Three Families Grieve in Simpson Courtroom
Jan. 25, 1995
LOS ANGELES (AP) _ They were three families united in sorrow.
No matter that some were allied with the victims and some with the defendant. When the bloody pictures of the dead flashed on the large TV screen in court, the Simpsons, the Goldmans and the Browns wept as one.
At the center of the courtroom tableaux was O.J. Simpson, struggling for control, reaching out with his eyes to his daughter Arnelle, his mother, Eunice, and his ex-mother-in-law, Juditha Brown, who began to sob as he stared her way.
Not long ago, the Simpsons and Browns had been one family. They remain tied by 9-year-old Sydney and 6-year-old Justin, Simpson's children from his marriage to Nicole Brown Simpson.
The Browns have been cordial toward the children's other grandmother, Eunice, who has come to court each day in a wheelchair. During a morning court break Tuesday, they shared with her an album of pictures of the children, who live with the Browns.
When the court day abruptly ended before defense opening statements, Simpson's lawyers were preparing to show jurors a large picture of him, smiling his famous smile and presenting flowers to his daughter at a dance recital only hours before her mother was killed.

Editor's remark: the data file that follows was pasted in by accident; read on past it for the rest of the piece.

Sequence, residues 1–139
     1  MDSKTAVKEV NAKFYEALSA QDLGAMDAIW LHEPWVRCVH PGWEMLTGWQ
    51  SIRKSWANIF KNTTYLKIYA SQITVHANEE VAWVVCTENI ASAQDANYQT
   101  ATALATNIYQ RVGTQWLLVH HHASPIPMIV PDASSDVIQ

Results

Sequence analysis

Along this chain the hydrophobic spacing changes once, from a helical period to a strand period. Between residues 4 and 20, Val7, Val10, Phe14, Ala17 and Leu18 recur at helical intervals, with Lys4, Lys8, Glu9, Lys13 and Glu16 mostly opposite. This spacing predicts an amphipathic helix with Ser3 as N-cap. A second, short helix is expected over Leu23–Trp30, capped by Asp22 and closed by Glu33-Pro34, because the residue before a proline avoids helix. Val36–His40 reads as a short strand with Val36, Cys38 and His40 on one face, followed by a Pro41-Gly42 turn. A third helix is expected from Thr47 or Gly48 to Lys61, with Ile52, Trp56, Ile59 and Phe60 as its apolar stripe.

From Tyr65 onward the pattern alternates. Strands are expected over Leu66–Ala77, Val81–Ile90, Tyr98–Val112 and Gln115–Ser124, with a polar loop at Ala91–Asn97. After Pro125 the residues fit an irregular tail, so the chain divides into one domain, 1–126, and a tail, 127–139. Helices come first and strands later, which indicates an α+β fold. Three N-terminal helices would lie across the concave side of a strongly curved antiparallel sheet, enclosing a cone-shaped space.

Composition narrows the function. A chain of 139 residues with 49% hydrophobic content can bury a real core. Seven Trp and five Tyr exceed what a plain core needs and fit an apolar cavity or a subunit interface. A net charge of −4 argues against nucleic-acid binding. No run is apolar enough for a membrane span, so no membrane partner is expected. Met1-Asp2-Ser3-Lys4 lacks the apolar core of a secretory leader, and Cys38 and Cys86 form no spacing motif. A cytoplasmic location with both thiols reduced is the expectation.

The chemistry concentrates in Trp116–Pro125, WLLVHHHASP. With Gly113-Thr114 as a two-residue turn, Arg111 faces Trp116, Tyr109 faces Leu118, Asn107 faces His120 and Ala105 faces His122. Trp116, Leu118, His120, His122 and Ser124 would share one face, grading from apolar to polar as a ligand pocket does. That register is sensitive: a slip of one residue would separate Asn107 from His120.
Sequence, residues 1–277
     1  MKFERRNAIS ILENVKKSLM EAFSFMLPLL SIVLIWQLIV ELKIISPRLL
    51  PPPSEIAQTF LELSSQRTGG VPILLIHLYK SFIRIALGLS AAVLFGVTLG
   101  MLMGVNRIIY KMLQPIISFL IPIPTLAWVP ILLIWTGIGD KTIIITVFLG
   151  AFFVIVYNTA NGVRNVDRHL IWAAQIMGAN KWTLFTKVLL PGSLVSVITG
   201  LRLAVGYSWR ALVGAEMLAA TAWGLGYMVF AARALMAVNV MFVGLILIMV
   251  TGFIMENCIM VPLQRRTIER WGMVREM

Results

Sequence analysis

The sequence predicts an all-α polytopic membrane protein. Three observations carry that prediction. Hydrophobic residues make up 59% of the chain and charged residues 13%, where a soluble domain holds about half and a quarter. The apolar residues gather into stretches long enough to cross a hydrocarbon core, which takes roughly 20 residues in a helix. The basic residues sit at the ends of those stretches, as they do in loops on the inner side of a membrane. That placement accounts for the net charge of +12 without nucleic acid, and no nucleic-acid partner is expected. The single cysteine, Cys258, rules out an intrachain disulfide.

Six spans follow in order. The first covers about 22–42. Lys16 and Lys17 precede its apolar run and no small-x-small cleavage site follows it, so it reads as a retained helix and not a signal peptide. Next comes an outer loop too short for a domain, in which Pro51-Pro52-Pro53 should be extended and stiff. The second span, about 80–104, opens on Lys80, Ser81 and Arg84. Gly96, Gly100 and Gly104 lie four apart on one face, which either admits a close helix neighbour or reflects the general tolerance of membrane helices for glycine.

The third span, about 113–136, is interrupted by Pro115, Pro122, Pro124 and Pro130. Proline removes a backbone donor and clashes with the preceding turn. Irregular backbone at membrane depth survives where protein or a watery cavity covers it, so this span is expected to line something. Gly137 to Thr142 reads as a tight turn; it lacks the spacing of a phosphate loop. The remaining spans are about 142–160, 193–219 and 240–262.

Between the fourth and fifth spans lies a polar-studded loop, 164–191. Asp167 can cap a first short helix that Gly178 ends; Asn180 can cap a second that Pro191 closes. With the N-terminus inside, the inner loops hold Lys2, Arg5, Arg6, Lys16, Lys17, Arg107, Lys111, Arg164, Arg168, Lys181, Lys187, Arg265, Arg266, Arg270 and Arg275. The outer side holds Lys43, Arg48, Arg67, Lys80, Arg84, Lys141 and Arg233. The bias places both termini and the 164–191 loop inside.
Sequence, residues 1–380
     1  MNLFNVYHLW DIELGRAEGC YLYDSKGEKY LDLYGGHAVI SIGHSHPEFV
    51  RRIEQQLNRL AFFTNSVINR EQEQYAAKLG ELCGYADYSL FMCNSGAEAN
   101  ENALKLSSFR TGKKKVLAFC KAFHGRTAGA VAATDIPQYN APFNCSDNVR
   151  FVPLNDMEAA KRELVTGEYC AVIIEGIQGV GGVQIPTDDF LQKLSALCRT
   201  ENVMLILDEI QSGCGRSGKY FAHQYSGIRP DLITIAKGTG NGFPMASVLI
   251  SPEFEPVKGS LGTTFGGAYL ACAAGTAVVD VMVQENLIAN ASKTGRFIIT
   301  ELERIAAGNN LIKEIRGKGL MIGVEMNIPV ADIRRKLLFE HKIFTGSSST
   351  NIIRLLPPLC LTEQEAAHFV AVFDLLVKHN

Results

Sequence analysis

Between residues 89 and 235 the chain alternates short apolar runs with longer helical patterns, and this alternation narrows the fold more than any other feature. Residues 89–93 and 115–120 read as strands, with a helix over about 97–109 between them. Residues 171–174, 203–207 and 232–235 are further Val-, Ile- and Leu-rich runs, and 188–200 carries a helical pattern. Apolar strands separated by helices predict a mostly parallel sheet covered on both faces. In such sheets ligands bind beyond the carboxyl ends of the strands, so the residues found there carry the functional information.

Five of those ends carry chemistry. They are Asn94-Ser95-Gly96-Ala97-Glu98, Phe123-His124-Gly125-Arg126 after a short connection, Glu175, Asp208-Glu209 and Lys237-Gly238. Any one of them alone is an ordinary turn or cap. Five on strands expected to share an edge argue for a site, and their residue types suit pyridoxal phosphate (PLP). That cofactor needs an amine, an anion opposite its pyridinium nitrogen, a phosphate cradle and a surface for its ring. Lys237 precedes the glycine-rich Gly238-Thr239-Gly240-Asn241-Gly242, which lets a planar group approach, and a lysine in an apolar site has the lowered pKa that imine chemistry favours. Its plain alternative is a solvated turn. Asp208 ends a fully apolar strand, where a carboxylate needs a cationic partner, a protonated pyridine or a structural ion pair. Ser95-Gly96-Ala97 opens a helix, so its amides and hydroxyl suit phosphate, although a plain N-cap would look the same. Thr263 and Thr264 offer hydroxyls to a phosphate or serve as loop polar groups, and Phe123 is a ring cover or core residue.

Simpson appeared particularly pained when, during opening statements, a prosecutor described that last night of his ex-wife's life: the dance recital, the anger between them and his exclusion from a family party afterward at Mezzaluna.
``He was no longer the centerpiece of every family album,'' Deputy District Attorney Christopher Darden said. ``Nicole was getting on with her life.''
Then lead prosecutor Marcia Clark stood up and began the display of bloody photos, prompting gasps in the spectator section.
A lawyer brought Simpson water. He looked down and scribbled notes on a legal pad.
Ronald Goldman's body was shown first, a crumpled figure curled up in the corner of a walkway, his hands drawn up to his face. Goldman's stepmother and stepsister began to cry as Clark described him as the accidental victim, a man in the wrong place at the wrong time.
Then Clark flashed the giant blowup of Ms. Simpson in death, clad in a black halter dress, her shoulders exposed and a thick pool of blood at her neck, which was slashed open. Her face was not visible.
Weeping silently, Arnelle Simpson fell into the arms of her mother, Marquerite Simpson Thomas, Simpson's first wife. One of Simpson's sisters, Carmelita Simpson Durio, had tears streaming down her face as she placed an arm around their mother, whose face was grim but controlled.
Across the courtroom aisle, Ms. Simpson's sisters sobbed quietly. The judge had warned against any emotional displays in court.
For the most part, the jurors sat emotionless, looking intently at the photos. More than one glanced over at the public gallery where the grief-stricken families sat.
The relatives were there, at least in part, to remind the jury of the victims in a trial where they feared the dead might be forgotten.